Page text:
“Finding Dory” is the runway movie hit of the summer. It is loosely based as a sequel to “Finding Nemo” and has grossed $479,600,783 world-wide as of August 26. Watching the movie with my five-year-old grand-daughter (who loved it) in 3D, I was struck by the quirky nature of the aquatic characters.
Each of the main characters displays a difference, a disability that plays into the storyline. Dory, a Blue Regal Tang, is separated from her parents as a minnow, and because of her “short term memory problem” faces long odds of finding her way home. She is assisted by patient old friends a clownfish Nemo and his father Martin who recognize that Dory has a knack seeing beyond the present. Circumstances bring them to a marine aquarium where Dory is convinced her parents live.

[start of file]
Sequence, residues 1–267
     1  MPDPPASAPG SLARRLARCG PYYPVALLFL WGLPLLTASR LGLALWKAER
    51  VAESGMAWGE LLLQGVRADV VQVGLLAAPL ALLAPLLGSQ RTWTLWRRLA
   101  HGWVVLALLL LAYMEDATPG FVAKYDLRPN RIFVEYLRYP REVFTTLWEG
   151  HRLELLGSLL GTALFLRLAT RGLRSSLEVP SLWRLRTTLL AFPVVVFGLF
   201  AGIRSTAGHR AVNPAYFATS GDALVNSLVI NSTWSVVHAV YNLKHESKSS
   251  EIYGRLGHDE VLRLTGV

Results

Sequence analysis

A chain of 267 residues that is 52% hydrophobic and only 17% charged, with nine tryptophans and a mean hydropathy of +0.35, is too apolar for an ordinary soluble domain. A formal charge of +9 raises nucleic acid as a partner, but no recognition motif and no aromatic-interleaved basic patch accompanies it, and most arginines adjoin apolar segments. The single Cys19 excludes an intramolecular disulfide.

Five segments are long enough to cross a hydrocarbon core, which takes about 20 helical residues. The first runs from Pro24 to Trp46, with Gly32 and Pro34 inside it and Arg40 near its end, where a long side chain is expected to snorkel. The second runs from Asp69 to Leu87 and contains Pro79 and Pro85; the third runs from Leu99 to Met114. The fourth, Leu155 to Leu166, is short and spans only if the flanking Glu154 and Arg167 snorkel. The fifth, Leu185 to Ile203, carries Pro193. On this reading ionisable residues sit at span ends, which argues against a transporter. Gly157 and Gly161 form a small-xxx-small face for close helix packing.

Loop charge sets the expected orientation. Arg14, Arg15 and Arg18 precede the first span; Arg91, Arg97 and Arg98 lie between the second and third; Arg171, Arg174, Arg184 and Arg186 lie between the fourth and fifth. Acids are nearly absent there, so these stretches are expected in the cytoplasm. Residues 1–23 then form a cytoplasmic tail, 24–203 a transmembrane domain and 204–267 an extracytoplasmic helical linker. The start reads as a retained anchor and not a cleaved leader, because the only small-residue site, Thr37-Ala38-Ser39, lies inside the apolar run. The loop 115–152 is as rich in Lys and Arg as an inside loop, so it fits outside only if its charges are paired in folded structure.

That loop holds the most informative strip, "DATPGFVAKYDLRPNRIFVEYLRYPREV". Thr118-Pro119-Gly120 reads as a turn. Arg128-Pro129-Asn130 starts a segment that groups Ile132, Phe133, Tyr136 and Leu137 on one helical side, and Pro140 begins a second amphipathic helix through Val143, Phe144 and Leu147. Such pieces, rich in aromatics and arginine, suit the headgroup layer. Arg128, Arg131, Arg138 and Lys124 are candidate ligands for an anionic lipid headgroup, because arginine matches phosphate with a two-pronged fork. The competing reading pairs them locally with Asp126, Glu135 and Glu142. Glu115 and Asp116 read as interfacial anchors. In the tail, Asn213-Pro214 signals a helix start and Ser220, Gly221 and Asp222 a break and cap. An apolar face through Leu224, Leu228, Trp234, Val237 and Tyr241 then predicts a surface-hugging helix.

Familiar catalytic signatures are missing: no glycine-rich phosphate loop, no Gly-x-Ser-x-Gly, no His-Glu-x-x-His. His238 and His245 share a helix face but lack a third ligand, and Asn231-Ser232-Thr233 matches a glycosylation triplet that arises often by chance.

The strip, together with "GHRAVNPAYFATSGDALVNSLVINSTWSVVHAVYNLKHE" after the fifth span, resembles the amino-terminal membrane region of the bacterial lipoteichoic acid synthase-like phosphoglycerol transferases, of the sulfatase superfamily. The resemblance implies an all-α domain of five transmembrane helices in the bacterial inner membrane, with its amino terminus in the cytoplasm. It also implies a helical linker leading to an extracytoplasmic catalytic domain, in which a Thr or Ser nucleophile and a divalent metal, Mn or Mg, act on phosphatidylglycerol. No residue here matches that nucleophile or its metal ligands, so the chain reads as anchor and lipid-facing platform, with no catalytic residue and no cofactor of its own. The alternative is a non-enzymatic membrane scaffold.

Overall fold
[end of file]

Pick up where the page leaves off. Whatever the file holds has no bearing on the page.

She is a determined little creature and works hard to meet her goals “Just Keep Swimming” she says. Along the way she meets up with an introverted, anxious septipus named Hank, a visually impaired shark named Destiny and a sonar impaired Beluga whale named Bailey. Each of the members of the “team” brings strengths in addition to their “disabilities.”
At Performance Learning this story could be our story. We assist kids who struggle in school and experience disappointment. We uncover their strengths and address their weaknesses to bring them to a place where they know that they can be capable students and more confidently take on new challenges.
As Dory remembers more and more of her past, her planning involves exotic escape strategies which lead to car chases and boat chases at the end. Finally, she finds her family and volunteers as an assistant to a class. The big finish is a scene where she goes to the edge of the Great Barrier Reef to look at a beautiful drop-off in the ocean where she exclaims that it’s, “Unforgettable.”